Friday, October 12, 2007

An object of public usefulness

A Paris court filed preliminary charges Thursday against five young people suspected of having vandalized a renowned work by painter Claude Monet, judicial officials said."Le Pont d'Argenteuil" was damaged Sunday when intruders, apparently drunk, broke into Paris' Orsay Museum and punched a 4-inch tear into the canvas.
The five suspects four men and one woman, all either 18 or 19 years old were detained on Tuesday, judicial officials said.
Judicial officials said one of the suspects acknowledged having punched the painting and faces the preliminarily charge of damaging an object of public usefulness. They said all five face preliminary charges of destruction for having forced open a door to the museum.The intruders wandered around the museum's ground floor, where the Monet painting was hanging, until an alarm sounded. Before fleeing, one of them punched the painting, officials said.The break-in occurred during Paris' annual all-night festival, which brings thousands of people into the streets for concerts and exhibits.Monet led the 19th century Impressionist movement, experimenting notably with light and color in works now deemed priceless.
"Le Pont d'Argenteuil" shows a view of the Seine at a rural bend, featuring a bridge and boats.Speaking on Sunday, French Culture Minister Christine Albanel said the painting could be restored but deplored the damage.(via Yahoo)

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  1. AVIGNON, France - A woman who planted a lipstick-laden kiss on an all-white painting by the American artist Cy Twombly went on trial Tuesday, telling the court she had committed an “act of love” — not a crime.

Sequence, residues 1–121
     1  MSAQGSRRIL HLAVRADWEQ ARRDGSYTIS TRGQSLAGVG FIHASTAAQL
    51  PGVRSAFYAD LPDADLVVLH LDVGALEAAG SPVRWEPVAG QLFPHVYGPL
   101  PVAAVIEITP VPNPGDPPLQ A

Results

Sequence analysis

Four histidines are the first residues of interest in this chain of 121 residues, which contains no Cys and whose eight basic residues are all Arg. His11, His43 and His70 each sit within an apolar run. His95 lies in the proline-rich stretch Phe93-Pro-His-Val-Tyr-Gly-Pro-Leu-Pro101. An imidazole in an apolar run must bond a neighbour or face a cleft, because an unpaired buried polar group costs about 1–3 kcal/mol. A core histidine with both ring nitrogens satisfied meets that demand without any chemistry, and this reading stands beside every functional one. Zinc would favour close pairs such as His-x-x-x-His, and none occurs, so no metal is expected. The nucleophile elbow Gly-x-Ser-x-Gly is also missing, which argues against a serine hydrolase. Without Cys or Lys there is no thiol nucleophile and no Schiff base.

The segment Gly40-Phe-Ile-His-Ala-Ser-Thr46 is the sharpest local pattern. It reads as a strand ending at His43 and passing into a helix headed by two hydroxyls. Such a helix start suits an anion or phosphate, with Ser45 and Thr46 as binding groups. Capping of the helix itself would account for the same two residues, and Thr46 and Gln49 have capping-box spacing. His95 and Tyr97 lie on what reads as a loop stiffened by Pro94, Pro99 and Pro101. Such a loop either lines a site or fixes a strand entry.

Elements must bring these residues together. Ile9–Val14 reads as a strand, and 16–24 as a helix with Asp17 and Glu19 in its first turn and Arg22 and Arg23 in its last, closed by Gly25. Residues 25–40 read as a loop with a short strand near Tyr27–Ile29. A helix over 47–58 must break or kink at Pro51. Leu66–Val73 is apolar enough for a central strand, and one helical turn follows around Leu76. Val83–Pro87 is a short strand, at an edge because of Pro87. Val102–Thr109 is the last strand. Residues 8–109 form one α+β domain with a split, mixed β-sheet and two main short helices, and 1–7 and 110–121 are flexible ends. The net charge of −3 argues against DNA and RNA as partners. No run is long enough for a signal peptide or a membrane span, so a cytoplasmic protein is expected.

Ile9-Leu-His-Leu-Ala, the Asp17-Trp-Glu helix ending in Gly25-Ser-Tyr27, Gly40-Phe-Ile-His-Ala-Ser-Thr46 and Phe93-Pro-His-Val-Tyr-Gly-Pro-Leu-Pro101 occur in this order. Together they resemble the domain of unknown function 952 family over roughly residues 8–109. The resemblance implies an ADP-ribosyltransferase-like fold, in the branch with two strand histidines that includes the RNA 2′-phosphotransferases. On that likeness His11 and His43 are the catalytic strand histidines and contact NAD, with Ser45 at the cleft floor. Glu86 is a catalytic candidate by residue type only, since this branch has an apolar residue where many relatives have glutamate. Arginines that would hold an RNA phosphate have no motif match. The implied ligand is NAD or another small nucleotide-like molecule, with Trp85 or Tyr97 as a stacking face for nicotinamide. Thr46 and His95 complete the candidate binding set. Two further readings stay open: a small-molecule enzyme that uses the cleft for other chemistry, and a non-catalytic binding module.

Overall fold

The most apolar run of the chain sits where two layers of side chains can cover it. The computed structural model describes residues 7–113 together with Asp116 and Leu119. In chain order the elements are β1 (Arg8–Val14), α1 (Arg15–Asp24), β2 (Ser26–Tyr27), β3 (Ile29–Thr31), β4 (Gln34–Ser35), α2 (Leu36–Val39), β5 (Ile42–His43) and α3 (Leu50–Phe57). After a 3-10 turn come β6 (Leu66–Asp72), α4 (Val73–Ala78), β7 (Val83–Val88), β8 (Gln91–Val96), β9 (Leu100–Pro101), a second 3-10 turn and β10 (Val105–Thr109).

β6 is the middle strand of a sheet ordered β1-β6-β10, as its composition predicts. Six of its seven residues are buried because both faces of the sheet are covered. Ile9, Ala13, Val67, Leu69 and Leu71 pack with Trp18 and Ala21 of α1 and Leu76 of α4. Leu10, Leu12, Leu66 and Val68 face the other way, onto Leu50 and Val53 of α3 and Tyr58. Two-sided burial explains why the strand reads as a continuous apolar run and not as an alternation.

Rindy Sam, a 30-year-old French artist, faced charges of “voluntarily damaging a work of art.” The painting is worth an estimated $2,830,000 and restorers have tried to remove the lipstick smudge from the bone-white canvas using nearly 30 products — to no avail.

    “I didn’t think. When I kissed it, I thought the artist would have understood,” Sam told the court in the southern French city of Avignon, describing it as “an act of love.”

    Prosecutors, however, want Sam to pay a $6,400 fine and take a class on good citizenship. The verdict was set for Nov. 16.

    Sam was taken into custody after she kissed the painting July 19. It was part of a traveling exhibition on display at the Museum of Contemporary Art in Avignon.

    The painting is owned by collector Yvon Lambert. He was asking for $2,878,000 in damages, which included the value of the painting and the $47,000 restoration cost.

    Twombly is known for his abstract paintings combining painting and drawing techniques, repetitive lines and the use of graffiti, letters and words.

    Born in Lexington, Va., in 1928, Twombly has lived in Italy for nearly a half-century. He won the prestigious Golden Lion award at the Venice Biennale in 2001.(ap)